Well ... not everybody is reluctant. Guy seems to know what he’s doing — even if he’s initially trapped within a dead tree trunk carried by Grug — and Eep is swooningly content to follow this hunky new fella to the ends of the Earth. Which might be where they’re going.

This new dynamic is just as contemporary as the whimsical generation gap that keeps Grug and his impulsive daughter at odds with each other; now he’s got this cute boy to worry about, as well. Guy, in turn, recognizes the likely consequences, should he allow this lovestruck young woman to throw herself at him ... since her father is strong enough to eliminate annoyances by hurling them halfway to the horizon.

Sanders and De Micco make a great creative team, which is frankly intriguing, because their respective résumés couldn’t be more different. De Micco has a short list of credits that, until now, has been limited to puerile, family-friendly junk such as Space Chimps, Racing Stripes and Casper’s Scare School. Sanders, in great contrast, is a prolific and quite accomplished Disney alum who cut his teeth co-scripting Beauty and the Beast, Aladdin and The Lion King before concocting the premise for Lilo & Stitch and earning his first directorial credit with that film.

More significantly, Sanders then hopped over to DreamWorks, teamed up with Dean DeBlois and graced us with How to Train Your Dragon, still one of the finest animated fantasies of the 21st century. The Croods isn’t in that classic’s league, but this new collaboration with De Micco is equally adept at appealing to all ages.

Sanders, it should be mentioned, also is an occasional voice actor. He supplied the not quite intelligible squeaks, squawks and grunts for Stitch, a trick he repeats here by voicing Belt, a tame — and very smart — sloth that, yes, holds up Guy’s pants. Belt represents another new concept for the Croods: a “pet,” meaning “an animal you don’t eat.”

Belt also supplies well-timed, orchestral-style fanfares, to punctuate particularly triumphant moments. Which, naturally, drives Grug even crazier.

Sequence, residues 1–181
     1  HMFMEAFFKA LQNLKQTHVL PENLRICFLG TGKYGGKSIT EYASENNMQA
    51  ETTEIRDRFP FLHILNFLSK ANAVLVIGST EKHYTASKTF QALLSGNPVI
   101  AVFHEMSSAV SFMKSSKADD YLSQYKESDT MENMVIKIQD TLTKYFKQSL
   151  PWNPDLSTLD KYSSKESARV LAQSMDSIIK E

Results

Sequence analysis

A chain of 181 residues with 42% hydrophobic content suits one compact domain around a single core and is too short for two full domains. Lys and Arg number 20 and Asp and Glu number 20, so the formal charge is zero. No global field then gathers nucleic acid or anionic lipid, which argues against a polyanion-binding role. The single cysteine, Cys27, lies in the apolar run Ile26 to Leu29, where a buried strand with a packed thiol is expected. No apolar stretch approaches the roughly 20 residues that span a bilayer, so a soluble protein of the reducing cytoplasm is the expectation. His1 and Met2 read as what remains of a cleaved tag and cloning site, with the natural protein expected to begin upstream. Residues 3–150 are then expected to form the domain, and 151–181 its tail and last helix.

Cage should think hard about doing more voice work, because — sad to say — this is his best film since the first National Treasure, almost a decade ago. He’s great as a harried father figure, and his various frustrated asides are perfectly timed. His best moment comes as Grug loftily insists that he’s just as clever as Guy, in terms of inventing things; Cage’s effort at faux sophistication, in this sequence, is to die for.

When it comes to snarky one-liners, though, Leachman takes top honors; she earns a chuckle from pretty much every word that snidely escapes between Gran’s lips. Stone is equally well cast, turning Eep into a stalwart heroine who (it must be said) is far more interesting, as a character, than Merida, in last year’s Brave.

Reynolds imbues Guy with an appropriate blend of spirit and valor, while carefully adding a self-deprecating tone that is mindful of Grug’s hair-trigger temper.

Duke isn’t able to be much more than whiney, in part because Thunk is an under-developed stereotype: the dopey little brother. Ugga, as well, rarely displays much personality; Keener does little beyond making her the voice of reason, while trying to placate Grug. The overall character development, then, is a bit uneven: unfortunate, since we have only eight characters to begin with.

The animation style deliberately leans toward cartoonish exaggeration, while at the same time acknowledging real-world behavior; watch the way Eep crouches, as she sees fire for the first time, or the decidedly feline attitude displayed by this saga’s version of a saber-tooth tiger. Mild nods toward evolutionary development also are present; Eep initially runs on all fours, occasionally switching to just her two legs ... and then tries to limit herself to the latter, after encountering the most decidedly two-legged Guy.

So yes, The Croods is a larkish fantasy, but the story gets its drama from both recognizable personalities and the dire implications that we’ll recall from school. If Grug and his family are Cro-Magnons — or European Early Modern Humans, to employ the preferred formal term — and Guy is the future, well, we know what that means: Those who can’t adapt must perish, like the Neanderthals who vanished from our own fossil record.

Pretty heavy stuff for what mostly seems a frivolous storyline ... but, then, we relate better to these characters, and their adventures, because of such nods to our own real world.

And don’t fret: Most of the time, The Croods is just a lot of fun, and laced with enough creative, colorful detail to demand repeat viewing.